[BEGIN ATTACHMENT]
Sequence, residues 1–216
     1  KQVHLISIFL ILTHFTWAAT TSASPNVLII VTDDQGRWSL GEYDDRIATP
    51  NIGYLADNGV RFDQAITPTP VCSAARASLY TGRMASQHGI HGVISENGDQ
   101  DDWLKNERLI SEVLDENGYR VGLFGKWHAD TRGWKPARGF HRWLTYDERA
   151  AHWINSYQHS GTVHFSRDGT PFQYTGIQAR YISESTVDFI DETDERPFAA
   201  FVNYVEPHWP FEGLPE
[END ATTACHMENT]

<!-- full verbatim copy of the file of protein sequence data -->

Sequence, residues 1–216
     1  KQVHLISIFL ILTHFTWAAT TSASPNVLII VTDDQGRWSL GEYDDRIATP
    51  NIGYLADNGV RFDQAITPTP VCSAARASLY TGRMASQHGI HGVISENGDQ
   101  DDWLKNERLI SEVLDENGYR VGLFGKWHAD TRGWKPARGF HRWLTYDERA
   151  AHWINSYQHS GTVHFSRDGT PFQYTGIQAR YISESTVDFI DETDERPFAA
   201  FVNYVEPHWP FEGLPE